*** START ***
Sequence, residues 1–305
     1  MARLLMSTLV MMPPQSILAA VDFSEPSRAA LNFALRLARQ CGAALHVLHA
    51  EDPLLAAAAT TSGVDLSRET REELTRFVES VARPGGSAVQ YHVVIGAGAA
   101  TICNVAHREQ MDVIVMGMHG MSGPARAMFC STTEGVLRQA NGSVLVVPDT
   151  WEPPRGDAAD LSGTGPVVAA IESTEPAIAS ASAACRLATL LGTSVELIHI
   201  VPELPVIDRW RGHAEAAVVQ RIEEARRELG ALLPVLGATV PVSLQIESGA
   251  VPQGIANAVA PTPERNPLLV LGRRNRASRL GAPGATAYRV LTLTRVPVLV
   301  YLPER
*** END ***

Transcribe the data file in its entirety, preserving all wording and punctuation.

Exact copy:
Sequence, residues 1–305
     1  MARLLMSTLV MMPPQSILAA VDFSEPSRAA LNFALRLARQ CGAALHVLHA
    51  EDPLLAAAAT TSGVDLSRET REELTRFVES VARPGGSAVQ YHVVIGAGAA
   101  TICNVAHREQ MDVIVMGMHG MSGPARAMFC STTEGVLRQA NGSVLVVPDT
   151  WEPPRGDAAD LSGTGPVVAA IESTEPAIAS ASAACRLATL LGTSVELIHI
   201  VPELPVIDRW RGHAEAAVVQ RIEEARRELG ALLPVLGATV PVSLQIESGA
   251  VPQGIANAVA PTPERNPLLV LGRRNRASRL GAPGATAYRV LTLTRVPVLV
   301  YLPER